Upper Mustang Trek

  • Updated on Jan 14, 2020
  • Rugged Trails Nepal
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Upper Mustang Trek On the land of Lo, Mustang is the former Kingdom of Lo and now a part of Nepal, in the border to Tibet. In present-day Nepal, Lo Manthang is a backwater, a comparatively very small and insignificant town. Upper Mustang is the home of two magnificent Gompas, Thubchen and Jampa, located barely a hundred yards apart and dating to the fifteenth century. The effect may be compared to that of a French or Italian provincial town with not one but two medieval cathedrals. In March 1996, Thubchen and Jampa were listed in the world monuments fund's first annual watch list of 100 most endangered sites, representing the world's cultural heritage. In eastern Mustang, the isolated cave Gompa of Luri, probably of even earlier date, is also decorated with important paintings. There are other important sites in Mustang as well, including the Gompas of Tsarang and Lo Gekar.

 

 

Table of Contents

JAMPA GOMPA IN MUSTANG VALLEY

Jampa is setback within an enclosed space behind a wall along the lane outside and is reached through a door in this wall. The extraordinary structure within the wall consists of a three-storied building of which the lowest story fronts onto a large courtyard. The unusual feature of its configuration is an earthen platform, projecting forward in two wings. The three sides of this larger supporting platform partially extend over a central courtyard. They are supported by wooden pillars with carved cross-beams and decorated with the heads of lions. Jampas external dimensions are 42 X 25 meters. The interior eastern and western walls are slightly over thirteen meters in length, and the southern and northern ones are 9.8 meters long. External stairs lead up to the middle level, which is the main story. It is entered by a single door on this second story.

The third or top story is virtually inaccessible and can be entered only by obtaining a ladder and climbing through what appears to be a window on the east wall that may once have been a door. There are indications of former doors, two on the east wall and one on the north wall, now closed in and plastered over. Even though this third level may have been reserved for initiates only, presumably there was access by means of stairs leading to a superstructure, both having long since crumbled. An opening remains in the roof for a former set of stairs. This opening has exposed this floor to weather and caused extreme damage to its paintings.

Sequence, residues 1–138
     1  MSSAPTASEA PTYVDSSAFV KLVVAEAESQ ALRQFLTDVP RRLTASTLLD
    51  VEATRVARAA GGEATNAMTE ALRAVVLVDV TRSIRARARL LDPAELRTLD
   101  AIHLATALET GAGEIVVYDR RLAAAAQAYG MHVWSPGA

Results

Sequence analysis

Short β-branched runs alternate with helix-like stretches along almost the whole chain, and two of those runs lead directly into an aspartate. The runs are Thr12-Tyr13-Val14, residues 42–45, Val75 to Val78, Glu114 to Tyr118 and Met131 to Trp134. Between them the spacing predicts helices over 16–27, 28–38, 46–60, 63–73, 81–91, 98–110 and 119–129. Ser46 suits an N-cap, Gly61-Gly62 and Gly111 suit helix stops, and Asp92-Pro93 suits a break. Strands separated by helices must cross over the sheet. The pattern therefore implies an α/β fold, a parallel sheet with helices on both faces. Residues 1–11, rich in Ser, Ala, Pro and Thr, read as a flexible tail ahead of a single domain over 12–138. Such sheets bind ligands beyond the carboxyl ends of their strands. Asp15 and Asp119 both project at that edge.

Thubchen Gompa Mustang The Land Of Lo

  • The newer of the two great Gompas, Thubchen is a single-storied gompa, its external structures less complex than that of Japan. Its external dimensions are 30 X 19 Meters. Unlike Jampa, it is not elevated above ground; rather, its entrance is a few steps below ground level and is reached directly from the lane outside. An entrance chamber, on the east wall, may have been added at a later date. Traditionally, the porch of a Gompa is painted with the images of the four directional guardians and often with a Wheel of Life, but statues of the customary four guardians appear in the antechamber, instead. The Du-Khang is approximately 28 X 18 meters and is 7.6 in height. The huge space is illuminated by a large central skylight. Within this space, supporting the ceiling, are thirty-five large wooden pillars, evenly spaced in rows, seven in each row from east to west, and five in each from north to south.

The surviving Painting in the vast Du-Khang consists of twelve tried sets, each with a large, central Buddha Shakyamuni, Vajrasattva, or another deity. In the triad sets, each Central figure is flanked by two standing Bodhisattvas or disciples, delicate and elegant in execution. The best preserved of these is an image of Shakyamuni Buddha, with Avalokiteshvara on the Buddha's right side, and Manjushri on the left.

Basic Concepts of Tibetan Buddhism

  • There are books, too numerous to mention, that relates the story of the historical Buddha, Prince Gautama Shakyamuni, and explain his teachings and the basic concepts of the spiritual insight that he attained. Buddhism comprises three major branches or schools, which, despite a difference in emphasis and focus, are based on the Buddhas fundamental precepts and teaching.

Theravada:

  • Theravada Buddhism, also known as Hinayana, predominates in southeastern Asia, in such countries as Thailand, Burma, and Sri Lanka. Because of the dismissive connotation of the term Hinayana, which means the lesser vehicle, its followers prefer the name Theravada, or way of the elders (meaning the early disciples of Buddha); it is also called the old Wisdom school.

Mahayana:

  • Mahayana Buddhism developed in northern India, and although Buddhism was driven from India after the Mogul invasions and conquest of India between the twelfth and fourteenth centuries, Mahayana took root in the Himalayan countries like Nepal, Tibet, Bhutan, and Sikkim as well as in China, Japan, and Korea.

Vajrayana and Tantrism